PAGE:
TechWhirl (TECHWR-L) is a resource for technical writing and technical communications professionals of all experience levels and in all industries to share their experiences and acquire information.
For two decades, technical communicators have turned to TechWhirl to ask and answer questions about the always-changing world of technical communications, such as tools, skills, career paths, methodologies, and emerging industries. The TechWhirl Archives and magazine, created for, by and about technical writers, offer a wealth of knowledge to everyone with an interest in any aspect of technical communications.
Subject:Re: FWD: When to leave? From:"Gene Kim-Eng" <techwr -at- genek -dot- com> To:<techwr-l -at- lists -dot- techwr-l -dot- com> Date:Fri, 28 Nov 2008 13:22:46 -0800
I'll second this, especially the last point. Do not work for free, and do not
yourself down with OT hours (especially the unpaid kind) that will distract you
from what has to start becoming your first priority: firing up your search for a
Cut your hours to a standard eith hour day. Complete whatever you can that
was already scheduled to be completed before your end date within those
hours. Spend any remaining time on the job summarizing what you were
doing and briefing those who will have to worry about it after you're gone.
If there's anyone with whom you feel a special working bond, provide contact
info and offer to answer any questions they may have that you can answer
from memory, but make any such offer a strictly personal one, and be clear
that once you have terminated you will no longer have access to company
data and that what you can recall from memory is going to fade quickly as
your attention becomes more concentrated on what you have to do next.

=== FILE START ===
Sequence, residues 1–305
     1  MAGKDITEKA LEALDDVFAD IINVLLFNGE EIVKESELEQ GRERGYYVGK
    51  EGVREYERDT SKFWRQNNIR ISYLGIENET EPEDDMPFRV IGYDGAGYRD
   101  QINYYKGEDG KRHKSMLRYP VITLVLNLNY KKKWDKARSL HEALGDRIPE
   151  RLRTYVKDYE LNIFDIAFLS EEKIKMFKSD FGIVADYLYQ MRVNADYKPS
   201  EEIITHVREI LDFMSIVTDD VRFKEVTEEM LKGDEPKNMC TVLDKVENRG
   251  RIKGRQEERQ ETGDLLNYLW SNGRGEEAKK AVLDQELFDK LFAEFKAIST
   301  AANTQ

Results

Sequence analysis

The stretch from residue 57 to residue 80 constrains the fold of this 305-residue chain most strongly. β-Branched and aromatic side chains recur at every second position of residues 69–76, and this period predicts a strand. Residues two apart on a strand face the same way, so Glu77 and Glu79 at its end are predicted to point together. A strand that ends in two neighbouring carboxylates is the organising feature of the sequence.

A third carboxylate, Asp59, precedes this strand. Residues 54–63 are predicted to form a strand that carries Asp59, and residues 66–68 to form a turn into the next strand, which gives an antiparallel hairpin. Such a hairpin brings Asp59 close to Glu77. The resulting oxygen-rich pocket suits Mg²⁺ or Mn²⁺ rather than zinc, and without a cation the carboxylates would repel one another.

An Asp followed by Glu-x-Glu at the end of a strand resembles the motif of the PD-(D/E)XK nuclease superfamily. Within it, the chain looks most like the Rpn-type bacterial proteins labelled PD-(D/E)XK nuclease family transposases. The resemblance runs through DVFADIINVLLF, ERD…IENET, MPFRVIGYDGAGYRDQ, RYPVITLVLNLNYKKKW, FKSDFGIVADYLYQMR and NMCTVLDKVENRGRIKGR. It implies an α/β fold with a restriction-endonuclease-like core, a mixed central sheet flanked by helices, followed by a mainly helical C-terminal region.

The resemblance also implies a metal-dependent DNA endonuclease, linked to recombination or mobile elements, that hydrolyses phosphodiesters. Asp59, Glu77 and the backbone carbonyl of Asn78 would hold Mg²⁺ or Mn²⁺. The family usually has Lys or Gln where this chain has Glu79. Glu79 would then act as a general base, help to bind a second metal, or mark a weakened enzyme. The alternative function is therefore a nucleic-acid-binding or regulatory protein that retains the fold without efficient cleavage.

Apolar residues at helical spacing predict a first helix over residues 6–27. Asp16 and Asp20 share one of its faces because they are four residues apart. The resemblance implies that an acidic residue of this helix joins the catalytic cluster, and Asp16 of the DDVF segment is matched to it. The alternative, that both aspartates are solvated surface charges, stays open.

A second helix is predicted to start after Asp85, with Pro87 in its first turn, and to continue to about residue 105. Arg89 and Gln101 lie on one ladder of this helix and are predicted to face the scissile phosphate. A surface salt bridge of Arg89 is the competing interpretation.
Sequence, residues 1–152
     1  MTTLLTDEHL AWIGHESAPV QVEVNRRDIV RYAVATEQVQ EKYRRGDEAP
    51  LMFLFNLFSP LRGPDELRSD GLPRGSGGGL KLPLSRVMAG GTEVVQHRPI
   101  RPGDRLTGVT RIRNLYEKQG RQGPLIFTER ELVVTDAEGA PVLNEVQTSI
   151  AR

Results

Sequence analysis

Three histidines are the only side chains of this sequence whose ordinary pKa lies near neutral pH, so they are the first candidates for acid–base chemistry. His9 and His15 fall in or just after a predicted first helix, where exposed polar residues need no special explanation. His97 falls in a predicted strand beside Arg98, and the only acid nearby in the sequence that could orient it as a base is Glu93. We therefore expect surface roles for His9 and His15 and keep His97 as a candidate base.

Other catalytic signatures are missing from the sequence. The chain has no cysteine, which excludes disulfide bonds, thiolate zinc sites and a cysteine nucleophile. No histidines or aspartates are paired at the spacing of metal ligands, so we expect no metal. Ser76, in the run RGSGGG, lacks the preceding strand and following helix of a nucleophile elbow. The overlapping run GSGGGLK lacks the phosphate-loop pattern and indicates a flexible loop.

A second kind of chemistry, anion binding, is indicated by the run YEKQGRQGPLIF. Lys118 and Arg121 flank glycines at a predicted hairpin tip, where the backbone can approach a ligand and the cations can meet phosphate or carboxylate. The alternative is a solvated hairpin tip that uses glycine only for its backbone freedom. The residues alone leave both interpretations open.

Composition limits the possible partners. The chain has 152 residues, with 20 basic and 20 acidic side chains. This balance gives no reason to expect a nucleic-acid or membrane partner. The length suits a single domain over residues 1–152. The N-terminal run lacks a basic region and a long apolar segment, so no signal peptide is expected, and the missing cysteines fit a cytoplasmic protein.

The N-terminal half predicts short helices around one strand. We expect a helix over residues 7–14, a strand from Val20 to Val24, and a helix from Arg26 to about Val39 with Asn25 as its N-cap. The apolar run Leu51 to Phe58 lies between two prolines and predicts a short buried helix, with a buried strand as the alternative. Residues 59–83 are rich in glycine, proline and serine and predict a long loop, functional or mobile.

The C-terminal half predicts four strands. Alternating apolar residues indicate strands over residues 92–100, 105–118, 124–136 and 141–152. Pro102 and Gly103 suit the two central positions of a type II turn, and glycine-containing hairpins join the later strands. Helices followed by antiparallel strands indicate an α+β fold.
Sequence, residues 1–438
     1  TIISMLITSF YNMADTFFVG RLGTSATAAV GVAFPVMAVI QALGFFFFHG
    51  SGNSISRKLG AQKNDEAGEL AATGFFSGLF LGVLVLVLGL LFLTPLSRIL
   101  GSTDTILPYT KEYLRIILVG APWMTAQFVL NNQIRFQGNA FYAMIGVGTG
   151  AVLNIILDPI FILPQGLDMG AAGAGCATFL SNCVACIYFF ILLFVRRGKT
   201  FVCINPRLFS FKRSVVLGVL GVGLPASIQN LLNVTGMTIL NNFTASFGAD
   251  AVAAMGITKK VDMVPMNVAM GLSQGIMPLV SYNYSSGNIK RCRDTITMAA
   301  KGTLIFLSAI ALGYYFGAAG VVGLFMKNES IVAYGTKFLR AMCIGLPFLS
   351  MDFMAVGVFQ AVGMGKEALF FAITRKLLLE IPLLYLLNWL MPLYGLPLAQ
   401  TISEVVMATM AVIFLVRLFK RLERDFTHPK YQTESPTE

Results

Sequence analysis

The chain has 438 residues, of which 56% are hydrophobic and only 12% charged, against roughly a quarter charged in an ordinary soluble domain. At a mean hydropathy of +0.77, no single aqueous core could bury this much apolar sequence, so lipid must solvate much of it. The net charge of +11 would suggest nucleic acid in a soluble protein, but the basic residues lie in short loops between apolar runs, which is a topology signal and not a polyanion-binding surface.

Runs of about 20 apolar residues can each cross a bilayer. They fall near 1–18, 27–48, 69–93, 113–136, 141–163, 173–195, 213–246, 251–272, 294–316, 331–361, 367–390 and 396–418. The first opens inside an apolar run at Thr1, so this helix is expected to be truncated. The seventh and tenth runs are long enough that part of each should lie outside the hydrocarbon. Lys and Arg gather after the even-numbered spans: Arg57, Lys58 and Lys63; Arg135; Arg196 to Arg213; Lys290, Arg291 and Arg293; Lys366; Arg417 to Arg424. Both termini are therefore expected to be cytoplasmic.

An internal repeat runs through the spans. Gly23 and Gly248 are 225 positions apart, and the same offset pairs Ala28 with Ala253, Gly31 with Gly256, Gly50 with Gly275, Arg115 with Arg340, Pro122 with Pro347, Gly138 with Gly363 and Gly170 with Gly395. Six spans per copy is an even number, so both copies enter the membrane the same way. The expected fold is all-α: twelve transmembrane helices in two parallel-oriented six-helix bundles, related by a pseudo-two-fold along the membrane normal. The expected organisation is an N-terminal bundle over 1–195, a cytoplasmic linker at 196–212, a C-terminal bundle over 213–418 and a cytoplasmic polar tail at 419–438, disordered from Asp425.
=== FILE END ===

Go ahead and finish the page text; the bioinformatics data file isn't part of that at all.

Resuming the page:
As I said before, it's admirable that you would like to help people and/or
groups who had nothing to do with your termination, but someone who
outranks all of them has decided that the company can get along without
you, and getting them used to life without you while they still have time to
scream bloody murder to whoever might have some power to do
something about their new situation will in the long run be of more "help"
to them than trying to advance projects you have no hope of completing
before your termination date.
> As far as when to leave - cap it at January 2nd, the last day you actually get
> paid for. I realize things may be left undone, but that's the company's
> problem. If they're greatly concerned about having documentation left undone,
> they shouldn't have gotten rid of you, right? For the next time the company
> has to think about laying off another writer, do not set the dangerous
> precedent of working for nothing.
ComponentOne Doc-To-Help 2009 is your all-in-one authoring and publishing
solution. Author in Doc-To-Help's XML-based editor, Microsoft Word or
HTML and publish to the Web, Help systems or printed manuals. http://www.doctohelp.com
Help & Manual 5: The complete help authoring tool for individual
authors and teams. Professional power, intuitive interface. Write
once, publish to 8 formats. Multi-user authoring and version control! http://www.helpandmanual.com/
You are currently subscribed to TECHWR-L as archive -at- web -dot- techwr-l -dot- com -dot-